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(Reuters) – An Iraqi-born British national has been criminally charged in New Jersey with involvement in a bribery scheme to obtain millions of dollars of U.S. Army Corps of Engineers reconstruction contracts in Iraq, the U.S. Department of Justice said on Wednesday.
The defendant, Shwan Al-Mulla, and his co-conspirators allegedly received confidential information to get an edge in the bidding process for the contracts, in exchange for more than $1 million in bribes paid from 2007 to 2009 to a USACE employee deployed in Tikrit, Iraq.
Al-Mulla, 60, the former owner of Baghdad-based Iraqi Consultants & Construction Bureau (ICCB), was charged with seven counts of honest services wire fraud and one count of conspiracy to commit bribery.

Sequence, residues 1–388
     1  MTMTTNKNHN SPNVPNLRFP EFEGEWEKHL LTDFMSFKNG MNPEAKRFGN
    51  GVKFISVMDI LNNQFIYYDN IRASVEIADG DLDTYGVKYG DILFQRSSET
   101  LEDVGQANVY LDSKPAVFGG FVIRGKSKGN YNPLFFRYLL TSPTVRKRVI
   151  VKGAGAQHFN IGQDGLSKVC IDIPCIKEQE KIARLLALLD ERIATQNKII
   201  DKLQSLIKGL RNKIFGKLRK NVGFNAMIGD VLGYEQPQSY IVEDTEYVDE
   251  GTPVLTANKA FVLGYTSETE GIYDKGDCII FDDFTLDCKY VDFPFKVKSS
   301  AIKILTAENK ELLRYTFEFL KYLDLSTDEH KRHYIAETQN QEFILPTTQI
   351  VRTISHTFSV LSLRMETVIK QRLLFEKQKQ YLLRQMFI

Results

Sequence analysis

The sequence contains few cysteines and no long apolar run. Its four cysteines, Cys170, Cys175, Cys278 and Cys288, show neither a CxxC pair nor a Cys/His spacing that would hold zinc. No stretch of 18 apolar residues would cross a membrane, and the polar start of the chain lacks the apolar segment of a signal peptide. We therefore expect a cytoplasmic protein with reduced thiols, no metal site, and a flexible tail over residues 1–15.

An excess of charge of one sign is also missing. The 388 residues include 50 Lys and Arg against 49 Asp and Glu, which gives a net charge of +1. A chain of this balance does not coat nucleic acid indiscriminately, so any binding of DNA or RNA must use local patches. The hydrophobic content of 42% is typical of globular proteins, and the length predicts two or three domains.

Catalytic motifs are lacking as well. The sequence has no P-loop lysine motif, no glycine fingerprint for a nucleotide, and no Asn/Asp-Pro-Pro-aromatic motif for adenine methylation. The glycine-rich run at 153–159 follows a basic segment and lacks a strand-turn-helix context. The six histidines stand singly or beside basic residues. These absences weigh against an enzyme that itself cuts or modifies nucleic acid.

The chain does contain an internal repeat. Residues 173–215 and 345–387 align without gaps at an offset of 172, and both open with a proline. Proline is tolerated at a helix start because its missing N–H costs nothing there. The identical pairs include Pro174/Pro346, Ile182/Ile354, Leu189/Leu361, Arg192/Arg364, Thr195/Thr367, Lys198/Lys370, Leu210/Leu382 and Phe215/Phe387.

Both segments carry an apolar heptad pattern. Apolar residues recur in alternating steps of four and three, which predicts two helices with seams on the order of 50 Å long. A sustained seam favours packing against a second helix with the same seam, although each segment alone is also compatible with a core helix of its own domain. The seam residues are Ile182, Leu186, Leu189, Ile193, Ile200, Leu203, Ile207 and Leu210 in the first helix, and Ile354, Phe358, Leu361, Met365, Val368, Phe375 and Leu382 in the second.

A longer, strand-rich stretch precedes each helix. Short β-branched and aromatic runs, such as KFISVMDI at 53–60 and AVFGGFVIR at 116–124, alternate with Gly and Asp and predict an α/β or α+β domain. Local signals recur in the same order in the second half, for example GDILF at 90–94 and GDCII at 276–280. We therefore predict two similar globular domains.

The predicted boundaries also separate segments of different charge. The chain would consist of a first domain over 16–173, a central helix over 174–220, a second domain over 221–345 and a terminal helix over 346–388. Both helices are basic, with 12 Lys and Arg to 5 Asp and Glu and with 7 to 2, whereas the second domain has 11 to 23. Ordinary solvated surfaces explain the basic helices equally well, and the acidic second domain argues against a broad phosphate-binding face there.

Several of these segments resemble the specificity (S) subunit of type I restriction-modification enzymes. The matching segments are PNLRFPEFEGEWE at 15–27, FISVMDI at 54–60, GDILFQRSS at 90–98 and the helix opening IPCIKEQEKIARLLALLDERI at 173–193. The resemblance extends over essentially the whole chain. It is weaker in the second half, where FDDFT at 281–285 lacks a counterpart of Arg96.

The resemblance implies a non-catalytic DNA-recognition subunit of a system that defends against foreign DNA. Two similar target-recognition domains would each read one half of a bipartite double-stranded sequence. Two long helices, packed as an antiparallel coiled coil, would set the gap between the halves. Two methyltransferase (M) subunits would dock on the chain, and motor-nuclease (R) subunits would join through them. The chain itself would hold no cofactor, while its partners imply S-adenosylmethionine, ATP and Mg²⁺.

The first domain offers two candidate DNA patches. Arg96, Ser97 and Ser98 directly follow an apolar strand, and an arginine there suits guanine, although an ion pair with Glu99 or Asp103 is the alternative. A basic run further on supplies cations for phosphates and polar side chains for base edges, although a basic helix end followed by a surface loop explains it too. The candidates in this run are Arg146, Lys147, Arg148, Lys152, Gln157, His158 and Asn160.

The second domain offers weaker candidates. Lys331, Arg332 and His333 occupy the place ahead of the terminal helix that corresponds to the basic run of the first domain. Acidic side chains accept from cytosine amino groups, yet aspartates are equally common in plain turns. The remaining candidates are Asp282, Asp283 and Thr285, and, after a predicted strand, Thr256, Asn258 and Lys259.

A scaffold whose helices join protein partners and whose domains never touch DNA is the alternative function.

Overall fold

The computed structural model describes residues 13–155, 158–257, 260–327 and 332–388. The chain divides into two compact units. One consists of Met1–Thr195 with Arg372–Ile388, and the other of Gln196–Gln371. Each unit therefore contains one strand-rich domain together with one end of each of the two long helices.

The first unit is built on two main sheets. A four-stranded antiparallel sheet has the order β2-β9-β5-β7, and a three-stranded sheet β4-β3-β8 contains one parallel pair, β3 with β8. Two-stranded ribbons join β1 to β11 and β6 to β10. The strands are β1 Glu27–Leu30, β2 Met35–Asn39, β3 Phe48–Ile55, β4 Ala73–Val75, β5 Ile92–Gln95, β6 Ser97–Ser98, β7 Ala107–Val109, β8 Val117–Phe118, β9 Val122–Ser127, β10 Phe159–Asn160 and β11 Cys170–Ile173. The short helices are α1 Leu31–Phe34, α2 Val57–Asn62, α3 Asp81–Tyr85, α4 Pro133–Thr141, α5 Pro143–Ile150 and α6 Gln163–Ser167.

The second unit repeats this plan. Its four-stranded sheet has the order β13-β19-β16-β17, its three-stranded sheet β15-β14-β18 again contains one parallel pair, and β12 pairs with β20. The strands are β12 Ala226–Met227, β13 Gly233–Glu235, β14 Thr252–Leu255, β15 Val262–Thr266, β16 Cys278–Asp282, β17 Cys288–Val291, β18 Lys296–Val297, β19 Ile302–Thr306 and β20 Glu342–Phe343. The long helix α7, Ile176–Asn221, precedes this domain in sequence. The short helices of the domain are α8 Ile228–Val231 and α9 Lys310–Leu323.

Each fraud count carries a maximum 20-year prison term.
The charges were announced by Acting U.S. Attorney Rachael Honig in New Jersey. Her office said Al-Mulla is at large.
A lawyer for Al-Mulla could not immediately be located.
The USACE employee, John Salama Markus of Nazareth, Pennsylvania, pleaded guilty to fraud, money laundering and tax offenses in 2012 and is serving a 13-year prison term.
Another co-conspirator, Ahmed Nouri, pleaded guilty to a conspiracy charge in 2018 and has yet to be sentenced, Honig’s office said.
ICCB paid $2.7 million in 2013 to resolve Justice Department allegations it violated the federal False Claims Act by paying bribes to Salama Markus.
Reporting by Jonathan Stempel in New York; editing by Richard Pullin